Keeping Client Relationships Strong in a Virtual World
No matter what industry you’re in or what size business you may be, building strong relationships with your clients is paramount to your success.
And although business travel may have more or less returned to normal, many companies may be dealing with budget cuts, leading to reduced business travel and face-to-face meetings. This means organizations have to find a way to keep client relationships strong in a hybrid work world, beyond just handshakes, office visits, or “let’s meet for lunch” options.
So, how can you adjust your approach and your interactions to embrace more screen time?
We talked to two of our own experts to find out.
Amplify the virtual connection
First, it’s important to recognize that virtual meetings are a part of the new way of doing business and can be a great way to engage in addition to – or in place of – in-person check-ins.
Offering that as an option to your clients can give you more opportunities to connect in a time-saving and lower-stakes way.
Turn on the camera
No matter how adamant you were about “audio only” conference calls in the past, now is the time to turn on the camera.
“You have the opportunity to connect with your client on a very personal level, to let them see a friendly face, your home office—your cat jumping in the background,” explained Elise Lapasin, strategic client success manager for SAP Concur.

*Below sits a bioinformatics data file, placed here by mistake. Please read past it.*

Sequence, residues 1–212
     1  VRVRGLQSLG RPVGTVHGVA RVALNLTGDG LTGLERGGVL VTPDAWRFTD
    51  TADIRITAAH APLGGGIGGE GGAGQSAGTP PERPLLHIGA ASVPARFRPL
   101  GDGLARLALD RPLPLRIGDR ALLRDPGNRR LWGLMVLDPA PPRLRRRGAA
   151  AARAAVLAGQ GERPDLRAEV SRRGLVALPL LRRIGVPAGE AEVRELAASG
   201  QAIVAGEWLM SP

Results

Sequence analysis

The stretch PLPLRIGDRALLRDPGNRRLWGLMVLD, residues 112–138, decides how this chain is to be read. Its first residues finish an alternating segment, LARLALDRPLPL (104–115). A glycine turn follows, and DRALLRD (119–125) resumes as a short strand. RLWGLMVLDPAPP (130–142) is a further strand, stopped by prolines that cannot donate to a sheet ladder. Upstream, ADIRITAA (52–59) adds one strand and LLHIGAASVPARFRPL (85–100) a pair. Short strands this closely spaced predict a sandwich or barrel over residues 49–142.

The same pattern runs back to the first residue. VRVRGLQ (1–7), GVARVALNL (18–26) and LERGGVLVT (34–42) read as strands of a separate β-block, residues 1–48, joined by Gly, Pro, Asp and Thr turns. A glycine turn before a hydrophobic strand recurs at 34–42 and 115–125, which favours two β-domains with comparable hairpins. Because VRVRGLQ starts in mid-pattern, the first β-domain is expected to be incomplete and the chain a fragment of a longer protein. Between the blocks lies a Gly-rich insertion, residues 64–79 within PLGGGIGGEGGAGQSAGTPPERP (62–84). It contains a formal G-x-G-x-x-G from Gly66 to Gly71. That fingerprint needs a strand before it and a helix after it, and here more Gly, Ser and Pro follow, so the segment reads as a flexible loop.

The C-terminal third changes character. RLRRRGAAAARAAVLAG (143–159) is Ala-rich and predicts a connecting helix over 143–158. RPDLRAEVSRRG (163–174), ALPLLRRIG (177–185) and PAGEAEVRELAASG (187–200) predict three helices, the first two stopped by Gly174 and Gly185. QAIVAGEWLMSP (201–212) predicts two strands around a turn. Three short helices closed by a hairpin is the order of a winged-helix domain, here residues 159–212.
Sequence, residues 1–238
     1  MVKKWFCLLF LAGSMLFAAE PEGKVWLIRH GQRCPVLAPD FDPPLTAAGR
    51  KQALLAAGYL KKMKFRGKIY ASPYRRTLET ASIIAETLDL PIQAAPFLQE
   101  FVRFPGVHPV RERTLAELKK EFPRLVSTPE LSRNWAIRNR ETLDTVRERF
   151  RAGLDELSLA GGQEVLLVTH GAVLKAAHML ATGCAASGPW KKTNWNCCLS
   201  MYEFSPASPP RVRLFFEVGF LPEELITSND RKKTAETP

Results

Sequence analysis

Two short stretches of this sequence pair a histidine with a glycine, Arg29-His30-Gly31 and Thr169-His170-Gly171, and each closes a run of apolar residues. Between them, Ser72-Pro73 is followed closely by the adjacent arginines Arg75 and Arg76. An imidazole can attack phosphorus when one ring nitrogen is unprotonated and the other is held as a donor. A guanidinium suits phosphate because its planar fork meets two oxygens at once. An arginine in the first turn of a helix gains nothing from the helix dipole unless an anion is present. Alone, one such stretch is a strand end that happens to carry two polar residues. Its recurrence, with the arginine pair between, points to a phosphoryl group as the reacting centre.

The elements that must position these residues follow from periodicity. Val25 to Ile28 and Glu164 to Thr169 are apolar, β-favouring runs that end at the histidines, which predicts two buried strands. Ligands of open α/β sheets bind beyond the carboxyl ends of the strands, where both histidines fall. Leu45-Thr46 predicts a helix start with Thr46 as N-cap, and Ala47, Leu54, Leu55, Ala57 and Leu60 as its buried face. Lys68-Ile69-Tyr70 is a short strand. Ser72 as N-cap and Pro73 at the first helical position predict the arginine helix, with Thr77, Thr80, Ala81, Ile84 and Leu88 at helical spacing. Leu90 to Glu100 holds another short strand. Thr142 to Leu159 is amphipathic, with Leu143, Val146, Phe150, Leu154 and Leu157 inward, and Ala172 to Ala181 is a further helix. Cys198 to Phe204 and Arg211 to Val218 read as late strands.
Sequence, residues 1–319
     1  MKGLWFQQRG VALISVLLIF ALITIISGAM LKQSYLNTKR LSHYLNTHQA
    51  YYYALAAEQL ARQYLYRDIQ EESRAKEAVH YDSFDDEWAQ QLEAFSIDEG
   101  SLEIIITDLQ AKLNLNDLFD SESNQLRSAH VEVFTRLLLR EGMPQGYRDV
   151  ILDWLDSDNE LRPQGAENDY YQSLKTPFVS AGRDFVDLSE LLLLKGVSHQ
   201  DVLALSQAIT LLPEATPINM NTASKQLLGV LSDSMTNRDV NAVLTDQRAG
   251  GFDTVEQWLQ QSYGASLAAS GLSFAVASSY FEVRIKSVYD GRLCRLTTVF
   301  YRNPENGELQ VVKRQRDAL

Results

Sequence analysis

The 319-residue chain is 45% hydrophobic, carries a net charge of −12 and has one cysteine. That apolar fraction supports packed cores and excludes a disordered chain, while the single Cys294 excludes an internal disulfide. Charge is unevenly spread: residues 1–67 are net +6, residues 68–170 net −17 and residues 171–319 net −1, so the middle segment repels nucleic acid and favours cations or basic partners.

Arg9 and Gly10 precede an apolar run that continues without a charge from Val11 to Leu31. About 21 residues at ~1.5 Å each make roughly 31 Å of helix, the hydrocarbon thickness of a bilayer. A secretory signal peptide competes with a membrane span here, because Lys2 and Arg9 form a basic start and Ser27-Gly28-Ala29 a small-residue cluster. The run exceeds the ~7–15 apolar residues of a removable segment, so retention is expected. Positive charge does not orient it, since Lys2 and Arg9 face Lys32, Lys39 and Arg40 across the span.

Be aware of body language and social clues
Another good reason to use your camera is to be able to read the body language of the person you’re speaking with.
“I think we’ve all been on a call with someone who, after 20 minutes, starts checking emails on a second monitor or phone. At that point, you know you’ve lost them,” explained Alexandra Schwenke, strategic client success manager for SAP Concur. “Just realize that ... the best thing you can do for them is to wrap up the call.”
How personal you get and how fast you get down to business has to be totally client driven.
“If that client is having a difficult day, or looks tired or distracted, offer to reschedule the call,” Lapasin said. “You want to make a personal connection, but how personal you get depends on each individual client. So, you have to be aware of them and how they want to interact that day, not on your own agenda.”
And, if you have clients that see that your camera is on and never turn on theirs, they’ve sent a clear message that they want you to keep the call short and strictly focused on business.
Recognize the opportunity to make a true human connection with your clients
Meeting with someone virtually in a conference room or office setting is nothing new. But interacting with someone in his or her home environment provides a unique look into the whole person—not just their work personas.
In many ways, this experience could make your business relationships stronger.
It sounds so simple, but that’s the thing that all of us are going to remember. Those moments of human kindness as we all try to keep life and business going in a changing world.